Australian Prime Minister Anthony Albanese on Monday retraced a historic walk through Beijing’s Temple of Heaven, following in the footsteps of the first Australian leader to visit China five decades ago.
Albanese, who is the first Australian prime minister to visit China since 2016, hopes to mend relations between the two countries, which have been strained in recent years over issues such as trade, security, and human rights.
In 1973, then-Australian Prime Minister Gough Whitlam became the first Western leader to visit China after the Communist Party took power in 1949.
Whitlam’s visit was a landmark moment in Australia-China relations, and it helped to pave the way for the two countries to establish diplomatic relations in 1972.
On Monday, Albanese walked the same path that Whitlam took through the Temple of Heaven, a UNESCO World Heritage Site that was built in the 15th century as a place for Chinese emperors to pray for good harvests.
Albanese’s walk through the Temple of Heaven is a symbolic gesture of his desire to improve relations between Australia and China. It is also a reminder of the long and complex history of ties between the two countries.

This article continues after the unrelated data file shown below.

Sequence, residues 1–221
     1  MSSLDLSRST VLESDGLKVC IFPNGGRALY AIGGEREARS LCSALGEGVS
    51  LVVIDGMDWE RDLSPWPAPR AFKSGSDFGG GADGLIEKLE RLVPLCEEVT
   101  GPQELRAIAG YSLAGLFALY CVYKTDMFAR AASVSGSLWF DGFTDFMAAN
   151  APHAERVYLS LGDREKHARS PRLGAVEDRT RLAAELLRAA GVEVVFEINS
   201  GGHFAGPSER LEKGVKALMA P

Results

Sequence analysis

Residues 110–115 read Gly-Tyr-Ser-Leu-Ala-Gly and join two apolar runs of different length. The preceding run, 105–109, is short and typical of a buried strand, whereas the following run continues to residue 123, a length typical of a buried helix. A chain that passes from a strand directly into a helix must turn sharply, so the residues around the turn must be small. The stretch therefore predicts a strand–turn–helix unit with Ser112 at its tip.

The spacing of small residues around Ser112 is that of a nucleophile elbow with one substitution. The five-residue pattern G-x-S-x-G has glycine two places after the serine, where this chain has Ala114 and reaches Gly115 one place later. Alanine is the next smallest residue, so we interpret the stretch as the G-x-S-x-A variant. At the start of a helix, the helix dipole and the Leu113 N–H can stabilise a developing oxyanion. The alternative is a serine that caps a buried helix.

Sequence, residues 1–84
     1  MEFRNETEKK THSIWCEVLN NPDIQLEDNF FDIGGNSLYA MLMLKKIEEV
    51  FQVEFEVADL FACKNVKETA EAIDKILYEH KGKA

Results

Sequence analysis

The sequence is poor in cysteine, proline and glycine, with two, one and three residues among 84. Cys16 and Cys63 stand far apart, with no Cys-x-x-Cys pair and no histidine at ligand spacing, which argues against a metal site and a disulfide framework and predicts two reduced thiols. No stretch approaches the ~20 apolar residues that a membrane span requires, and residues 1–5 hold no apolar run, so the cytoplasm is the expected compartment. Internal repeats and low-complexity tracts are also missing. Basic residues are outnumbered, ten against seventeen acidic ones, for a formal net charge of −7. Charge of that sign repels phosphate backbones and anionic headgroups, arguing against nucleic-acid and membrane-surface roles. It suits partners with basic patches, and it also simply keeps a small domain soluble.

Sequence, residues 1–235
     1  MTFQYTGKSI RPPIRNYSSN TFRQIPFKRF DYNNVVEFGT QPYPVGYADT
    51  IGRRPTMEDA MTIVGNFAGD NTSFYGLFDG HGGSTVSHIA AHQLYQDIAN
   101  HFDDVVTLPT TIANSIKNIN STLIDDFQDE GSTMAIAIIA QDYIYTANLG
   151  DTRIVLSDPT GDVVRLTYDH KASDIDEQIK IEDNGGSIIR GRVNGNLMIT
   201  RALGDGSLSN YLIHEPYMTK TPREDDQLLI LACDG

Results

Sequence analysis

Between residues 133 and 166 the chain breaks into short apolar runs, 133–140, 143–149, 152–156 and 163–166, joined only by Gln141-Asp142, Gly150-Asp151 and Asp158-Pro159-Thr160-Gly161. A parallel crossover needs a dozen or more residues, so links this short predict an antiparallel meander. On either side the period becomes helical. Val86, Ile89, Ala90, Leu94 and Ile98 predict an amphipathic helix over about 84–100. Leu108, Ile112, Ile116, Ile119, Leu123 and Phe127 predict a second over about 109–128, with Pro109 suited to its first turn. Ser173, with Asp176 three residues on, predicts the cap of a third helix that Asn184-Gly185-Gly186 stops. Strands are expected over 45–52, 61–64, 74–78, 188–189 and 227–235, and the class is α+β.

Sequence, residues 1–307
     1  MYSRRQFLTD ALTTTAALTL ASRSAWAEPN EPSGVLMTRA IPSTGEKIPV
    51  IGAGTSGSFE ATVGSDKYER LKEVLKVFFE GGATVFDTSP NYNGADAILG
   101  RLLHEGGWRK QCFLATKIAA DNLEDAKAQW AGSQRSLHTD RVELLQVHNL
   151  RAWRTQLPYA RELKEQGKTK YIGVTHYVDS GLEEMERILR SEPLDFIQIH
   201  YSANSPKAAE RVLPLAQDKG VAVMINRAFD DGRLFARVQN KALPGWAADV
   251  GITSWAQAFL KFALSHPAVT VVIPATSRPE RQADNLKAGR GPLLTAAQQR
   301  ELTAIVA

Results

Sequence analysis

The visit comes at a time when relations between Australia and China are at their lowest point in decades. The two countries have been at odds over a range of issues, including trade, security, and human rights.
In recent years, China has imposed tariffs on Australian goods, such as wine and barley, in retaliation for Australia’s decision to ban Chinese telecoms company Huawei from building its 5G network in Australia.
China has also accused Australia of interfering in its internal affairs, and it has detained several Australian citizens on national security charges.
Albanese has said that he hopes to use his visit to China to reset relations between the two countries. He has said that he wants to have a “frank and honest” conversation with Chinese leaders about the issues that are dividing the two countries.
It remains to be seen whether Albanese’s visit will be successful in improving relations between Australia and China. However, his decision to retrace Whitlam’s historic walk is a sign that he is committed to trying to mend ties between the two countries.